Profile of participants across background nephropathies

Participants with HIV, glomerulonephritis or unknown background nephropathy were younger, more likely to be women, to be single and unemployed, while those hypertension, diabetes alone or with hypertension were older (p < 0.001), more likely to be men (p = 0.021), to be either married or widow (p < 0.001), and to be retired or working in the public sector (p < 0.001). In general risk factors and comorbidities varied significantly across background nephropathies (all p ≤ 0.025), with the exception of cerebrovascular diseases (p = 0.089). There was also significant differences across background nephropathy subgroups for haemoglobin (p < 0.001), urea (p < 0.001), creatinine (p < 0.001) phosphate (p = 0.024) and Charlson score (p < 0.001), Table 2.
Table 2

Profile of patients with ESRD by background nephropathy

Variables

Hypertension

Diabetes

Diabetes & HTN

Glomerulonephritis

HIV

Others

Unknown

p-value

N (%)

267 (30.9)

137 (15.9)

65 (7.5)

136 (15.8)

57 (6.6)

74 (8.6)

127 (14.7)

NA

Men, n (%)

190 (71.2)

100 (73.0)

44 (67.7)

82 (60.3)

30 (52.6)

48 (64.9)

76 (59.8)

0.021

Marital status

       

<0.001

    Single

25 (10.9)

7 (5.7)

6 (10.5)

79 (59.8)

15 (27.8)

9 (14.1)

28 (29.5)

 

   Married

193 (83.9)

110 (90.2)

44 (77.2)

49 (37.1)

31 (57.4)

52 (81.3)

63 (66.3)

 

   Divorced

1 (0.1)

0

0

1 (0.8)

0

1 (1.6)

0

 

   Widow

11 (1.5)

5 (4.1)

7 (12.3)

3 (2.3)

8 (1.1)

2 (14.8)

4 (4.2)

 

Employment status

       

<0.001

   No employment

52 (22.8)

27 (21.8)

14 (25.4)

80 (60.1)

16 (32)

17 (26.2)

44 (44)

 

   Private sector

61 (26.8)

16 (12.9)

7 (12.7)

34 (25.6)

17 (34.0)

18 (27.7)

33 (33.0)

 

   Public sector

74 (32.5)

45 (36.3)

16 (29.1)

17 (12.8)

15 (30.0)

14 (21.5)

17 (17.0)

 

   Retired

41 (18.0)

36 (29.0)

18 (32.7)

2 (1.5)

2 (4.0)

16 (24.6)

6 (6.0)

 

Mean age, yr. (SD)

51.8 (11.9)

55.5 (10.1)

56.9 (10.5)

30.4 (13.5)

42.3 (10.4)

49.7 (12.1)

43.4 (14.4)

<0.001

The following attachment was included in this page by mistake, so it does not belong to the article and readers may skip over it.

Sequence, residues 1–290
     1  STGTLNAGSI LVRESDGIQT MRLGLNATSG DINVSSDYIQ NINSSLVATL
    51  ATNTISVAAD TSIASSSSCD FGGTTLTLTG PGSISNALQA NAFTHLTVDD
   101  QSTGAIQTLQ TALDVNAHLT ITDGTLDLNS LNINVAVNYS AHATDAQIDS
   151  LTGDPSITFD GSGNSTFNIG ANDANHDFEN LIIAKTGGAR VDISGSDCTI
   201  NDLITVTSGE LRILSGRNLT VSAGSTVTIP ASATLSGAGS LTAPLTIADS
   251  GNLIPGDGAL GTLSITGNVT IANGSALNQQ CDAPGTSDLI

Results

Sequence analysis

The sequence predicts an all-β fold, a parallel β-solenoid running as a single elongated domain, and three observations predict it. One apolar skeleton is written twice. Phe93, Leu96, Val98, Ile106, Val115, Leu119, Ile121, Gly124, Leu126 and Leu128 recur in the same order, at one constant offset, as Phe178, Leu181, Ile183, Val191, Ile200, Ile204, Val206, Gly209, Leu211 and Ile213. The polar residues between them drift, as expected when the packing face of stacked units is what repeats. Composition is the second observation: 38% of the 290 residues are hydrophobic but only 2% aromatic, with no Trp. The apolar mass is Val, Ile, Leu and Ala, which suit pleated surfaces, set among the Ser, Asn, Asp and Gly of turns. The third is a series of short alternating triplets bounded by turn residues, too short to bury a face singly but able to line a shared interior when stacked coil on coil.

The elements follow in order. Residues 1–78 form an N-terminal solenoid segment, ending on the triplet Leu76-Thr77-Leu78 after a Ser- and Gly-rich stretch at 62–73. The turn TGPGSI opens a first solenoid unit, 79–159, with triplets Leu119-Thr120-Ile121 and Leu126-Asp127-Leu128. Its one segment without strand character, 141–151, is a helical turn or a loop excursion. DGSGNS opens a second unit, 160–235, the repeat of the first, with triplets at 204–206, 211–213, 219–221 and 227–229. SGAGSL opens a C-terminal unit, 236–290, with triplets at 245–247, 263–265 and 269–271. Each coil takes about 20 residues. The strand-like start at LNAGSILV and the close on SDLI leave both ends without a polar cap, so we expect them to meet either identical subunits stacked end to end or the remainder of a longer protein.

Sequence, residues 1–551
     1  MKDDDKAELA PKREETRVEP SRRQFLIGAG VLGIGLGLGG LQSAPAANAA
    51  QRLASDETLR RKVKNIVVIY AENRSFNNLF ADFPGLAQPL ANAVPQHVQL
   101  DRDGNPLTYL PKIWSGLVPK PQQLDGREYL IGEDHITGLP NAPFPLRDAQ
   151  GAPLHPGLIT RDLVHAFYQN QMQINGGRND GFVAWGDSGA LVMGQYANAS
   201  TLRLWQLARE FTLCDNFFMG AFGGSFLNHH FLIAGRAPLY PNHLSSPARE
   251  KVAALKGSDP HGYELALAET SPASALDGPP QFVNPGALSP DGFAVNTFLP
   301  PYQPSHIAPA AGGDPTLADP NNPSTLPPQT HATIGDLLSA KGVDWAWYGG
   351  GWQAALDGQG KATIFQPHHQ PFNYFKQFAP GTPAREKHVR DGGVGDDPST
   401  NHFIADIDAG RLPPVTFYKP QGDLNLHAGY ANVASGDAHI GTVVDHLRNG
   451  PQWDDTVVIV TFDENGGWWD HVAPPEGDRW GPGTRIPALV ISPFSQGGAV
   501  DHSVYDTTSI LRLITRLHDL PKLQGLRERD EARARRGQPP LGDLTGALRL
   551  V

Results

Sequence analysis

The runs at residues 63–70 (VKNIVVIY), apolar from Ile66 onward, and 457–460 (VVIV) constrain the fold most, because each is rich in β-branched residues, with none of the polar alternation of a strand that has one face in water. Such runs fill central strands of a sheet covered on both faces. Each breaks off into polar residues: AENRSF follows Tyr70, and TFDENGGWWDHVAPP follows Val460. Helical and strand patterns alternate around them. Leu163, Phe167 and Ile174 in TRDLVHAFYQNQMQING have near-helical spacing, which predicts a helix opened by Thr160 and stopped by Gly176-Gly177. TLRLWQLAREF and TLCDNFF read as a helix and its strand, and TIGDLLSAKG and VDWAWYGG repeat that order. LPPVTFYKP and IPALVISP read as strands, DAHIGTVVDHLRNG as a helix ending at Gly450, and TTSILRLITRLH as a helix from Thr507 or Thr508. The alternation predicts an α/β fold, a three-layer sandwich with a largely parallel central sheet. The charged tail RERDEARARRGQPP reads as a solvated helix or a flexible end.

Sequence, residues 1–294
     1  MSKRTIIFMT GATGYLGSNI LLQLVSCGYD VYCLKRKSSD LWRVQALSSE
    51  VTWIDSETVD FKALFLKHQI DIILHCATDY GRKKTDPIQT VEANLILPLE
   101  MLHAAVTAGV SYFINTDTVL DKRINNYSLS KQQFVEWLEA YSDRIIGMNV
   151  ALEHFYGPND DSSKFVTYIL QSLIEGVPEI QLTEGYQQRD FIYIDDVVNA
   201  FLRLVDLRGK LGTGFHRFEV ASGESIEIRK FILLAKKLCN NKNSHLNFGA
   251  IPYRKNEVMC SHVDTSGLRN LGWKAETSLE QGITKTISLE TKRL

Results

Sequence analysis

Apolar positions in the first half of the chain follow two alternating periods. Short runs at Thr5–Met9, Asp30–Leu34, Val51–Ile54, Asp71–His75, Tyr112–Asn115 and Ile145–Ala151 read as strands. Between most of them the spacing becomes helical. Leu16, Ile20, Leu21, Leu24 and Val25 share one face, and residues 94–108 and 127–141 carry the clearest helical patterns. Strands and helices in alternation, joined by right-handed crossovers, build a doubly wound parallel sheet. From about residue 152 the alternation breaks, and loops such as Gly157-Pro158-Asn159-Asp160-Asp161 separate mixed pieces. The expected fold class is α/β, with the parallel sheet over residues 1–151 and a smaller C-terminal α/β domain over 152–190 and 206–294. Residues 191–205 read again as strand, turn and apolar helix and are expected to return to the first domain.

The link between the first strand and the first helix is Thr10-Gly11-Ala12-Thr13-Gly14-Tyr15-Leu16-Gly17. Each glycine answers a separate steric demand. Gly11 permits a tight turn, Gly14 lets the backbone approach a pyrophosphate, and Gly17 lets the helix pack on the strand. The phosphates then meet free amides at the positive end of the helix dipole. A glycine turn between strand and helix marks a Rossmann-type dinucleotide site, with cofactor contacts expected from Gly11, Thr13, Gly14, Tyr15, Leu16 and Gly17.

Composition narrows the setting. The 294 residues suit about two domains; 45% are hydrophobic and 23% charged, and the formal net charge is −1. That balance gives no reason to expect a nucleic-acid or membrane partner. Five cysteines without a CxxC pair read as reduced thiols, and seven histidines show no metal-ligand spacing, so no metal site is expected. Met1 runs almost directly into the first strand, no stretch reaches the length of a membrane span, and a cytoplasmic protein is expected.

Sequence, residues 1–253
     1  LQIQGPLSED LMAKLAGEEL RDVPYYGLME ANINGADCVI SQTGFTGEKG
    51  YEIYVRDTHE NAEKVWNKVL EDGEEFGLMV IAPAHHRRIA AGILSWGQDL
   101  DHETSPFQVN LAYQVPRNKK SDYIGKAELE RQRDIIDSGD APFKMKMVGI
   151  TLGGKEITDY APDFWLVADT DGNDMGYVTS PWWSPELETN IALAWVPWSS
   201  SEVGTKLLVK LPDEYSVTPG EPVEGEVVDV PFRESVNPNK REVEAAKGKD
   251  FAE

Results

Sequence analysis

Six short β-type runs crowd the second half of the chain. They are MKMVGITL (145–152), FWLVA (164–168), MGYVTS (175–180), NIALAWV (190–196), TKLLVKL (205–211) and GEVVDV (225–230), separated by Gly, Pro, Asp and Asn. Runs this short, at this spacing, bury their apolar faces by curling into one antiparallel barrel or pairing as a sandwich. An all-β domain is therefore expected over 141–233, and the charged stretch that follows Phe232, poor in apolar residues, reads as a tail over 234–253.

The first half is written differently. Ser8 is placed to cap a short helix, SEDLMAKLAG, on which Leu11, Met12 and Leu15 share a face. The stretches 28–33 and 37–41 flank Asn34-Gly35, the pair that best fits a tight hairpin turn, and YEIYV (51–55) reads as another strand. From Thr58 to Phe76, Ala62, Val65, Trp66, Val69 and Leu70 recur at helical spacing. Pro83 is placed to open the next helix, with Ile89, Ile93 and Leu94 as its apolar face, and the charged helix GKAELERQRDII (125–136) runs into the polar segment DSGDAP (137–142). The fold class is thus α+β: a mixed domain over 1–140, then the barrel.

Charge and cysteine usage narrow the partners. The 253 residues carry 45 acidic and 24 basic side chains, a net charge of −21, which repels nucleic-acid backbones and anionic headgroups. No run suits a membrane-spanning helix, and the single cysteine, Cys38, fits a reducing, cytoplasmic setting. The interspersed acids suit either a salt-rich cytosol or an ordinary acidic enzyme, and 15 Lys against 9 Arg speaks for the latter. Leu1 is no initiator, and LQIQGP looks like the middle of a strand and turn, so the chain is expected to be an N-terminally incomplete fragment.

Any hypertension, n (%)

265 (99.3)

133 (97.1)

65 (100)

130 (95.6)

38 (66.7)

52 (10.3)

80 (63.0)

<0.001

Any heart disease, n (%)

49 (18.4)

32 (23.4)

13 (20.0)

13 (9.6)

6 (10.5)

8 (10.8)

25 (19.7)

0.025

Diabetes, n (%)

19 (7.1)

135 (98.5)

64 (98.5)

6 (4.4)

6 (10.5)

7 (9.5)

8 (6.3)

<0.001

HIV positive, n (%)

2 (0.7)

2 (1.5)

2 (3.1)

1 (0.7)

57 (100)

2 (2.7)

3 (2.4)

<0.001

Alcohol drinker, n (%)

48 (18.0)

27 (19.7)

22 (33.8)

13 (9.6)

6 (10.5)

10 (13.5)

16 (12.6)

0.001

Smoking, n (%)

49 (18.4)

32 (23.4)

13 (20.0)

13 (9.6)

6 (10.5)

8 (10.8)

25 (19.7)

0.025

Cerebrovascular accidents, n (%)

9 (3.4)

3 (2.2)

4 (6.2)

2 (1.5)

1 (1.8)

1 (1.4)

0

0.089

Cancer, n (%)

2 (0.7)

0

1 (0.5)

0

0

7 (9.5)

2 (1.6)

<0.001

Tuberculosis, n (%)

1 (0.4)

3 (2.2)

2 (3.1)

1 (0.7)

6 (10.5)

1 (1.4)

0

<0.001

Mean Hb, g/dl (SD)

7.8 (2.0)

8.4 (1.8)

7.7 (1.8)

7.2 (1.8)

7.6 (1.6)

7.7 (2.0)

7.3 (1.9)

<0.001

Mean Urea, mg/l(SD)

2.4 (1.1)

1.9 (0.9)

2.2 (1.1)

2.2 (1.1)

2.6 (1.2)

2.3 (1.0)

2.9 (1.3)

<0.001

Mean creatinine, mg/l (SD)

173.5 (88.5)

121.5 (62.5)

134.5 (50.8)

186.5 (83.0)

185.9 (84.5)

163.0 (83.4)

222.1 (105.3)

<0.001

Mean sodium,mmol/l (SD)

136.9 (9.6)

136.7 (13.8)

140.1 (8.6)

137.1 (8.6)

135.6 (11.7)

134.0 (19.0)

136.1 (8.4)

0.217

Mean potassium, mmol/l (SD)

5.2 (1.3)

5.3 (1.0)

5.2 (1.2)

5.4 (1.3)

5.2 (1.2)

5.6 (1.0)

5.3 (1.1)

0.506

Mean chlorine, mmol/l (SD)

99.7 (13.9)

102.0 (13.8)

101.5 (21.7)

99.9 (12.9)

99.8 (9.1)

105.0 (11.9)

100.4 (10.4)

0.383

Mean Ca2+,mg/l (SD)

80.6 (13.3)

83.9 (12.0)

81.3 (12.5)

77.9 (15.2)

77.0 (12.9)

81.4 (12.5)

78.0 (18.0)

0.268

Mean phosphate,mg/l (SD)

73.1 (37.2)

56.1 (28.2)

71.2 (28.2)

71.9 (34.1)

76.5 (36.0)

70.5 (35.7)

79.3 (55.9)

0.024

Dialysis start, n (%)

194 (72.7)

94 (68.6)

50 (76.9)

116 (85.3)

44 (77.2)

63 (85.1)

116 (91.3)

<0.001

Median Charlson Score (Q1-Q3)

3 [2,3]

3 [3,4]

3 [3,4]

2 [2]

6 [6,7]

3 [2-6]

2 [2,3]

<0.001

Dialysis start and variation across major subgroups

A total of 677 (78.4%) patients started haemodialysis with no difference by sex (p = 0.746) but a significant linearly decreasing trend across age quartiles (p = 009), Table 1; and a significant variation across background nephropathies (p < 0.001, Table 2). Variations in the dialysis uptake across years was not significant (p = 0,246) and did not follow a linear trend (p = 0,648 for linear trend). The least dialysis initiation was observed in patients with diabetes (68.6%), followed by those with hypertension (72.7%) and those with diabetes and hypertension (76.9%) while the highest dialysis uptake was in patients with unknown background nephropathy (91.3%). Reasons for not starting dialysis among 181 (21.5%) participants were financial constraints (53.8%), fear of dialysis (14%), or the combination of both (8.1%), while the reason was unknown in 24.2%. Reasons for not starting dialysis are depicted in Figure 1 overall and by major subgroups showing no difference between men and women (p = 0.175), across age quartiles (p = 0.272) and across background nephropathies (p = 0.735). Emergency dialysis unplanned on a temporary catheter occurs in 88.3% of patients.